Protect Your Wallet – and Your Heart – From Online Dating Scams

In my day, parents were the ones worried about their kids meeting unsavory and unscrupulous people at parties or bars. Now, it’s often our kids who are worried about the same thing for us—but not at the bar, at online dating sites. Every year, millions of Americans visit dating websites hoping to find a connection…companionship…possibly even a soulmate. Because of Valentine’s Day, February can be a particularly lonely month if you don’t have a significant other.

Don’t be a victim
While many people on these sites are normal folks looking for love or friendship (well, as “normal” as any of us are anyway!), cybercriminals lurk as well, trolling dating sites and looking to line their pockets with money bilked from the vulnerable. An elderly Canadian woman was recently scammed out of $100,000 by a man she met online following the death of her husband. The man claimed to be a civil engineer working in China, and wooed the woman—who had never actually met him face-to-face—into sending hundreds of thousands of dollars to support his various work “projects.” She even sent money so he could fly back to the states and propose to her; of course, he took the money and never showed.

Stories like this are all too common. While the FBI reports the most common targets of dating scams are women over 40 who are divorced, widowed, and/or disabled, every age group, gender and demographic is at risk. Scammers usually claim to be Americans working abroad or serving overseas in the military.

How it works
You’re contacted on the dating site by someone who shows interest in you, probably throwing a couple of “likes” or “winks” your way. For weeks, even months, you chat back and forth with one another, over time forming a seemingly romantic connection. You may even receive flowers or other gifts to gain your trust. And then it happens—your newfound “love interest” asks you for money, usually by wire transfer or access to a credit card. Once you send the money, either he or she keeps asking for more—for increasingly strange reasons such as being in jail or needing emergency surgery—or disappears altogether and moves on to their next victim.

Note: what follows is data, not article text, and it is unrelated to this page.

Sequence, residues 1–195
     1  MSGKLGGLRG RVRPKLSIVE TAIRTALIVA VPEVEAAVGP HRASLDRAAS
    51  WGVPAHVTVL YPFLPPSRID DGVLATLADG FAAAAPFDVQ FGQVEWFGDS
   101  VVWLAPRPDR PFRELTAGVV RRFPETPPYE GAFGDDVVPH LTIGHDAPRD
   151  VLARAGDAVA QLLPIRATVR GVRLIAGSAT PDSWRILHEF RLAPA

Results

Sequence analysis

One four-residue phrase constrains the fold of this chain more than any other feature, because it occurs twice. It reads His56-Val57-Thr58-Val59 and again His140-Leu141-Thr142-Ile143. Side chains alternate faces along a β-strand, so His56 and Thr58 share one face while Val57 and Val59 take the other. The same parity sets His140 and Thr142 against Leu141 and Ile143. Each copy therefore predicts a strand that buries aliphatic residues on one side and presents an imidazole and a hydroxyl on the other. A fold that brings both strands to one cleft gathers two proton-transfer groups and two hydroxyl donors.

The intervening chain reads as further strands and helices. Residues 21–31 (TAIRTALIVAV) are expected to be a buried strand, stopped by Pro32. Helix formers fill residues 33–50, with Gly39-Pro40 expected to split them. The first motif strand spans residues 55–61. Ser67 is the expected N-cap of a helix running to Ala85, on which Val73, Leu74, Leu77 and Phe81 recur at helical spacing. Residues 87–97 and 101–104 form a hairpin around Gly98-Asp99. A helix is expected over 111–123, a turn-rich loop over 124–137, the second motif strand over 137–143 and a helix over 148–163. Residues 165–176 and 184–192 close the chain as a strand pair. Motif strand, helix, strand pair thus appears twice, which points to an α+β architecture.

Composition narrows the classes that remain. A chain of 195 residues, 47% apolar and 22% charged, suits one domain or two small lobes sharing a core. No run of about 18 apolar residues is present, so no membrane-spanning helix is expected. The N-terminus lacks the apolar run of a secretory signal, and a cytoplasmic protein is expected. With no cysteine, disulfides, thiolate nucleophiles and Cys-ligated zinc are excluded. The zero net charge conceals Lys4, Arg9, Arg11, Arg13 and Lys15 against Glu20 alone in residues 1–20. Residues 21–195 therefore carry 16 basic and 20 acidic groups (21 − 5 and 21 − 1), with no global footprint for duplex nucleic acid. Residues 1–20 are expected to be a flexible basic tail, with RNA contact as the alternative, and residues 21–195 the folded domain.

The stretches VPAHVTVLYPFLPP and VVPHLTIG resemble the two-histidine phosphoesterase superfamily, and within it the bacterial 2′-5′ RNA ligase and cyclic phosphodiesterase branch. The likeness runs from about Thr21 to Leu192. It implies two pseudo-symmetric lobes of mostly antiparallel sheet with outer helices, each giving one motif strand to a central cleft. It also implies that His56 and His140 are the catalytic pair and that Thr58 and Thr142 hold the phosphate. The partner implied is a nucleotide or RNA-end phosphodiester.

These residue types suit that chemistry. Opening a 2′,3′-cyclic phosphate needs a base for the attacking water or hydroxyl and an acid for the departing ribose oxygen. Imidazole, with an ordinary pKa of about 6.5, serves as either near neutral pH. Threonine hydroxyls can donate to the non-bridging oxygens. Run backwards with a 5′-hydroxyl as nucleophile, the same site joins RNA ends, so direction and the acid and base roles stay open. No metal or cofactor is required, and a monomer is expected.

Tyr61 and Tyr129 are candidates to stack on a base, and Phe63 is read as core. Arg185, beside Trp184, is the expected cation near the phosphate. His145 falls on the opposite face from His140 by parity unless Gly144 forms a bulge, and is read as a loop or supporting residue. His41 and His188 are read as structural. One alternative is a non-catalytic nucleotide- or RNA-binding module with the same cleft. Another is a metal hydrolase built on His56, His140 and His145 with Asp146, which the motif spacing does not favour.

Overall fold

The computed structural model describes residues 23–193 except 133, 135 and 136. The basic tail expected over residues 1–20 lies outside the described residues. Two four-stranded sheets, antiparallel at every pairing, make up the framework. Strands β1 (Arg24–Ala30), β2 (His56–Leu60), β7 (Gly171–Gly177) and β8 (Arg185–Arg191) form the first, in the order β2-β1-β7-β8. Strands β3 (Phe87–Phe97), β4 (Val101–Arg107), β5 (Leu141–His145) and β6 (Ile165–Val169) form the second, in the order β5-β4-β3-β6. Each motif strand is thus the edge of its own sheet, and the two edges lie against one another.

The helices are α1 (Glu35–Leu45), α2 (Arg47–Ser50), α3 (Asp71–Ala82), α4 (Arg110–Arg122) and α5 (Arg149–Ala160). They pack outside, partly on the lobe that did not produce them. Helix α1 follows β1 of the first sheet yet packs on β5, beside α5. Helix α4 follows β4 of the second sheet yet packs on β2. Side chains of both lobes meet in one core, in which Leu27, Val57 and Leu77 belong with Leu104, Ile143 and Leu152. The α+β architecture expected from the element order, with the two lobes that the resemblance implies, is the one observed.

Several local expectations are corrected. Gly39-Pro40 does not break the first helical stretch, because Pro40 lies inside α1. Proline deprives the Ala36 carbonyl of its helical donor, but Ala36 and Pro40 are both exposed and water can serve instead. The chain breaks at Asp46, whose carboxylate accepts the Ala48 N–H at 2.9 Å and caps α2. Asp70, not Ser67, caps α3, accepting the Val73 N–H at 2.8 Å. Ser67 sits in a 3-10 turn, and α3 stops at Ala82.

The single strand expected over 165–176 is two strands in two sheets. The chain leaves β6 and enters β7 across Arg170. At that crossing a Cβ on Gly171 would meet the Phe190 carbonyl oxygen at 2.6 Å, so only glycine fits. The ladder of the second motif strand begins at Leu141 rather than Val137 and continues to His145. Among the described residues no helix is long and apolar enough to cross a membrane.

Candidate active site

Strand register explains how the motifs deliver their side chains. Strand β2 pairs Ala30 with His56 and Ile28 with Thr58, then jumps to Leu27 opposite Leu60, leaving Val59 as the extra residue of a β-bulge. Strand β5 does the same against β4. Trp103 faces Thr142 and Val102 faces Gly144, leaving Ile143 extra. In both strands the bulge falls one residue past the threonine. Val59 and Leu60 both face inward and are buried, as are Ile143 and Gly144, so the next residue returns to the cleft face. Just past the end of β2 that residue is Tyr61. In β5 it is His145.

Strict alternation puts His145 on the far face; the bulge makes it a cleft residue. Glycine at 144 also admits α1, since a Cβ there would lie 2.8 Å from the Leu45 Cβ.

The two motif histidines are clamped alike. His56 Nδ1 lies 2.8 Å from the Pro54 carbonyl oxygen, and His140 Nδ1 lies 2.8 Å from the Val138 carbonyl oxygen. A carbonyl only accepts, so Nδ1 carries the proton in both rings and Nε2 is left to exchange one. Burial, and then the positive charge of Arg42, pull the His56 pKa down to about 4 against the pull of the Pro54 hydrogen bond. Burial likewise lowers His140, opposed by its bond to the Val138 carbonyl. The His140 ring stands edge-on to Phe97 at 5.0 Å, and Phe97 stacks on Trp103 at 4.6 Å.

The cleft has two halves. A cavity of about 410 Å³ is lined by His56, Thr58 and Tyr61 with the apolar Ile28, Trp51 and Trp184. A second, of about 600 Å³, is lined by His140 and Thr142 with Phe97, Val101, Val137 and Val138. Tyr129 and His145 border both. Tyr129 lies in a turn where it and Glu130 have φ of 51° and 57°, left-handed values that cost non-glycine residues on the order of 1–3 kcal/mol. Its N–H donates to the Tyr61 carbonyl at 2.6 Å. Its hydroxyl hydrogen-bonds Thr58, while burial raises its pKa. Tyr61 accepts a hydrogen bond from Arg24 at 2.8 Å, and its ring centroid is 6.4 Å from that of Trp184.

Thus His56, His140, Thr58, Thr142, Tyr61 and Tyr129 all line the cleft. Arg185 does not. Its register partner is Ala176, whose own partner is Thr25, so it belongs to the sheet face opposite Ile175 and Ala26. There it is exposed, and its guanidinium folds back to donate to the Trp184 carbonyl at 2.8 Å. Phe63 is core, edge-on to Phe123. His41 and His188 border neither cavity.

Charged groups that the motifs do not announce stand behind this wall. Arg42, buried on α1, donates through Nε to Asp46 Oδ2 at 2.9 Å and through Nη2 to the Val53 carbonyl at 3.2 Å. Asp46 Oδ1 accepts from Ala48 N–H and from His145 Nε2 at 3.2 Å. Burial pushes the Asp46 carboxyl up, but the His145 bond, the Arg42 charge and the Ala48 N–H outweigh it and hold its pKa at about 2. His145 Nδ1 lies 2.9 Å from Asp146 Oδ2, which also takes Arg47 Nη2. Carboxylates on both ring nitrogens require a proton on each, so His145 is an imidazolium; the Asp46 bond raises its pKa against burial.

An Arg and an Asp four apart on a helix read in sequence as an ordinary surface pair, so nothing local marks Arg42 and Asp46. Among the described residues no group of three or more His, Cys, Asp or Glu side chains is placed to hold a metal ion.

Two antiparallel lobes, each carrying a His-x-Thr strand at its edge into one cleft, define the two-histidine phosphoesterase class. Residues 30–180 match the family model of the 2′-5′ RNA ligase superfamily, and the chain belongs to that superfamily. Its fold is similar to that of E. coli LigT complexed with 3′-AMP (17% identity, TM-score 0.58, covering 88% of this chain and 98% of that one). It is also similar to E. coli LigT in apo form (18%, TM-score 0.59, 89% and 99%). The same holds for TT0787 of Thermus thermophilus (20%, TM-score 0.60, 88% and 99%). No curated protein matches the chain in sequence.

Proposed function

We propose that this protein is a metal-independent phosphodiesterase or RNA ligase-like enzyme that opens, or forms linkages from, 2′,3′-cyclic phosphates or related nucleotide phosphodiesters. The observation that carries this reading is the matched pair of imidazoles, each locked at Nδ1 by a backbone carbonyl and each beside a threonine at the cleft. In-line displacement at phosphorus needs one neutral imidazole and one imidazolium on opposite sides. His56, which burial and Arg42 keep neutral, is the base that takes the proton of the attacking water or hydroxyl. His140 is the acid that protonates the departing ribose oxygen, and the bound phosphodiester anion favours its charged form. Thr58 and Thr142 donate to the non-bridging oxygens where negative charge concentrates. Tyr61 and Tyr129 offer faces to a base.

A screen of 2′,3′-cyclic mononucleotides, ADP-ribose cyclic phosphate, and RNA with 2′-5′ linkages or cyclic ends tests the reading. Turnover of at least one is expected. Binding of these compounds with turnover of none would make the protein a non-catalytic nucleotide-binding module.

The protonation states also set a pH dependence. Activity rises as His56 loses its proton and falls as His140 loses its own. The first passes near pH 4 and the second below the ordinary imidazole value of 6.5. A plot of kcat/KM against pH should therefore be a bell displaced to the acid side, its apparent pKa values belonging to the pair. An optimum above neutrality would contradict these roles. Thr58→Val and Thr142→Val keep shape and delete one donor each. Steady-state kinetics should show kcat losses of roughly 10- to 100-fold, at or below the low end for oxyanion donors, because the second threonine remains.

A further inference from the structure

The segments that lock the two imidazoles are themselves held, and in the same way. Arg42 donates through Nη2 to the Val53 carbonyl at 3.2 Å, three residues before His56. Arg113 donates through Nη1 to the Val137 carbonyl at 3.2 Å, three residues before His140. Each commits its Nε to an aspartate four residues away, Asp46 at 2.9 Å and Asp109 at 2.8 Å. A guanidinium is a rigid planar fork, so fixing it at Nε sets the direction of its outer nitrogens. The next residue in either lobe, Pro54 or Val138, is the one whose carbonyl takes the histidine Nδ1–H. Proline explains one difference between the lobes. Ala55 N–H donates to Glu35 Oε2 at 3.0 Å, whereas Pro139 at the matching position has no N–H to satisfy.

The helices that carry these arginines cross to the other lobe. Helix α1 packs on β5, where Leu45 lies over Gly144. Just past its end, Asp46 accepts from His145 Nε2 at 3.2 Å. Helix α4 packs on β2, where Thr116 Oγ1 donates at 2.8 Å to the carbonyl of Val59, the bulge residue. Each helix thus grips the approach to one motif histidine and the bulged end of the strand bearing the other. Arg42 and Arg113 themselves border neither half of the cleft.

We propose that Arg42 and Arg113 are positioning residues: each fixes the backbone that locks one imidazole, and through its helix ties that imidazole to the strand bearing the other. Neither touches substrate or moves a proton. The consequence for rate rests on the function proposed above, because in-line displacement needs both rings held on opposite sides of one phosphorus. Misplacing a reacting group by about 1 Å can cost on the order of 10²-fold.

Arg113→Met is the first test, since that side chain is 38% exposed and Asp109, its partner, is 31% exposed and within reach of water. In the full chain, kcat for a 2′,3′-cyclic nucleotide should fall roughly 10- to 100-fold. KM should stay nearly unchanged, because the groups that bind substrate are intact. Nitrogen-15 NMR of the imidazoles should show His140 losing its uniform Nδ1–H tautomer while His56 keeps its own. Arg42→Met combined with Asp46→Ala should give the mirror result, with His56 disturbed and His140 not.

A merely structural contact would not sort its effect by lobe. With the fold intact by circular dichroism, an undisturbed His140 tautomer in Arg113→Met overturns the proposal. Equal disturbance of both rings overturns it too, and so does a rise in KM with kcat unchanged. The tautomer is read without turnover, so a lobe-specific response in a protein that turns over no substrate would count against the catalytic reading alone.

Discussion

Red flags to look out for
The FBI and Consumer Affairs warn to watch out for these dating site flags that are redder than the biggest Valentine heart.

Sending you pictures that look like a supermodel. Be wary of pictures that look like a glossy from a modeling agency or glamour magazine. Another sign of a scammer is profuse professions of instant feelings of love, despite only having just started communicating with each other.

Displaying wealth, like mansions and exotic cars. By creating an illusion of their own wealth, they can more easily convince you that you’re simply “loaning” money to them that, for some bizarre reason, they can’t immediately access. The photos are usually fake or stolen from someone else.

Poor grammar. Messages from scammers are often riddled with poor grammar, broken English, odd word choices and strange sentence structure.

Avoiding meeting in person. Many scammers are operating out of foreign countries, despite profiles saying they live nearby. Their photographs are also likely of someone else, and that would be a tough sell in person. When you propose a face-to-face meeting, he or she will come up with some excuse like they’re traveling overseas or facing some long-distance emergency.

Asking to leave the site quickly. Moving offsite before launching a scam reduces the chance that the crook will be discovered or reported. He or she will quickly ask you to switch to communicate outside the dating site, either by text or e-mail. Maybe this should be last on the list?

Keep your wallet shut
Do not send money through any wire transfer service or give your credit card or bank account information to someone you met online, regardless of why they ask for it. Scammers come up with any number of bogus excuses for needing money, including medical emergencies, hospital bills for a sick child, passports or airplane tickets (to come see you of course!), losses from a financial setback, or bail money. Once you send the money, the chances of recovering it or ever meeting the person are slim.

What to do if you’re a victim
If you believe you fell prey to an online dating scam, the FBI recommends that you report it to the dating site and also file a report to the FBI Internet Crime Complaint Center. While you will still be out the money, reporting the scam may help others from becoming the scammer’s next hapless victim.

References: FBI, CBS News, Consumer Affairs